By Shaz Sajadi
On a winter afternoon around a table laden with a teapot of jasmine tea served in porcelain cups, a group of friends share a box of six brightly coloured cupcakes from Whole Foods. Two of them have already finished their first cupcakes and are onto seconds, while the other one, a ballerina, slowly picks at her sugary treat, each time finishing with a comment like, “I love cupcakes,” or “This is really good.”
Dancers like athletes use their bodies as instruments and have a higher than average focus on their bodies, but it’s the aesthetic component in dance that sets dancers’ body standards apart from the rest of the world of sports.
For centuries, the desired female ballerina body type was defined as tall, lean with short torsos, flat chests and long but strong legs. It’s only been in the last few decades that ballet stage has been open to dancers of different races and different athletic builds.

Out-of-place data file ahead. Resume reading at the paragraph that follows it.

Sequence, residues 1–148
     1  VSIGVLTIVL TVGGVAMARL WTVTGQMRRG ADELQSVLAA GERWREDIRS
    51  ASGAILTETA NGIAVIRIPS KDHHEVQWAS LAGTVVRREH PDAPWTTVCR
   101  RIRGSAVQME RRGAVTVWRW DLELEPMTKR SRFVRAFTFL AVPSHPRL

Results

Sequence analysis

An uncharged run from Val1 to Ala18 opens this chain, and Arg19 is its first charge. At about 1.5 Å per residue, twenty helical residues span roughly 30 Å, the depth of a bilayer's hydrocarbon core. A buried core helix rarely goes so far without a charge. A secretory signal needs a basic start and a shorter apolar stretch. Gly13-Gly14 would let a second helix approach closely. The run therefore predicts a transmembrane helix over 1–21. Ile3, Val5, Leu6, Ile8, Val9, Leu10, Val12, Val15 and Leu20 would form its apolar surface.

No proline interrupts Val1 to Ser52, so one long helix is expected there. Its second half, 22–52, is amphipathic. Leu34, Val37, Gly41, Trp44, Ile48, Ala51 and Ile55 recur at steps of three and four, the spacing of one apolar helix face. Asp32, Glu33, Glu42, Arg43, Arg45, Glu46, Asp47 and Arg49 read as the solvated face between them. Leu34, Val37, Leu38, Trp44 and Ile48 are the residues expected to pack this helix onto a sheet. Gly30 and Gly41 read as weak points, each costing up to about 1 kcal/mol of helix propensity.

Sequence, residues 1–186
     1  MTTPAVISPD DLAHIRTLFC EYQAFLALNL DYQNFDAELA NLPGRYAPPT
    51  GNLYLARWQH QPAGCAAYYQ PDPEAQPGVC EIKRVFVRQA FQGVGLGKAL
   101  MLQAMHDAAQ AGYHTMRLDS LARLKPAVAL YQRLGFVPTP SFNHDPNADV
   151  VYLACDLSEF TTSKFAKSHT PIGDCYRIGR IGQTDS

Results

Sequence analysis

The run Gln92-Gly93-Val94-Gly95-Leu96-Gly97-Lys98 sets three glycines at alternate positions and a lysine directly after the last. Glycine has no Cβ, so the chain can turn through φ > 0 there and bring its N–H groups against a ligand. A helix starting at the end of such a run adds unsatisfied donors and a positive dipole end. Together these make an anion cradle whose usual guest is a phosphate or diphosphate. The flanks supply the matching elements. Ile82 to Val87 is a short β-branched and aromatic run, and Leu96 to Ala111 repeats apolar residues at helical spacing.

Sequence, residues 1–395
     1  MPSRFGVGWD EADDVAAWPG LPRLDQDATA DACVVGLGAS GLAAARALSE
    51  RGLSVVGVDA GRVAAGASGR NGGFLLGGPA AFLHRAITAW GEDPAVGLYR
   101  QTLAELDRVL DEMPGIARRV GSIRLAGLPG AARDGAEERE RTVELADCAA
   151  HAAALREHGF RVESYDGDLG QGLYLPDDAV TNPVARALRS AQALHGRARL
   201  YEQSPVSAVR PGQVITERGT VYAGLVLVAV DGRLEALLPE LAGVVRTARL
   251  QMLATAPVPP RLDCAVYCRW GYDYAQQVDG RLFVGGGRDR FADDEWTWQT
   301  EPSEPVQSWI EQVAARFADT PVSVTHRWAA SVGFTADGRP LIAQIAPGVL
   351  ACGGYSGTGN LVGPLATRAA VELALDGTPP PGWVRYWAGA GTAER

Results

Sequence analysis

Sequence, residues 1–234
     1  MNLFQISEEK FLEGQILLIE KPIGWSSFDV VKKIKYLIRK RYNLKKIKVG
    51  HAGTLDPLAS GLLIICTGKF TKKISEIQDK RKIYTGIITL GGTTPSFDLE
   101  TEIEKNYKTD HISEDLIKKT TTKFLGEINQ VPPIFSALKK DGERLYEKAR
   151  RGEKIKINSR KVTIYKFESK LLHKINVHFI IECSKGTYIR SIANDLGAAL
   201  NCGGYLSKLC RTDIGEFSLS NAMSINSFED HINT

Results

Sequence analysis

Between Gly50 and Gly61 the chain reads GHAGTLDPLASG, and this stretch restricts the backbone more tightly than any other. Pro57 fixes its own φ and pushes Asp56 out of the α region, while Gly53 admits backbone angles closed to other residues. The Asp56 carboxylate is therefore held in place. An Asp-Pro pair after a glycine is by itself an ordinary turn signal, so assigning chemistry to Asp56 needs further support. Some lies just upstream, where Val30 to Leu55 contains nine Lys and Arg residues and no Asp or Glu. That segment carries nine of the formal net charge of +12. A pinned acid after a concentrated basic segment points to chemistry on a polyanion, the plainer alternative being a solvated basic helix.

Although the rise of athletic-build ballerina Misty Copeland as a principal of the American Ballet Theater proves that the ballet world is changing, a study done in 2013 by the National Center for Biotechnology Information concluded that dancers have a three times higher risk of suffering from eating disorders, particularly anorexia nervosa.
Every dancer interviewed expressed the desire to have their body look different than it does and admitted to have been told by their instructors to try to change certain things about their bodies.
“I have been given the occasional ‘fat talk’ by my teachers,” said Sybil Geddes, a dancer, “but I had a limit of things I would do to make my body change and I never crossed that line.”
Registered dietitian at Micheli Center, Laura Moretti said, “Ballerinas realize the link between the food and their performance. More than anything, they are looking for foods that are high in nutrients and antioxidants. They want to keep their bodies healthy, fuel it properly while maintaining a lower weight.”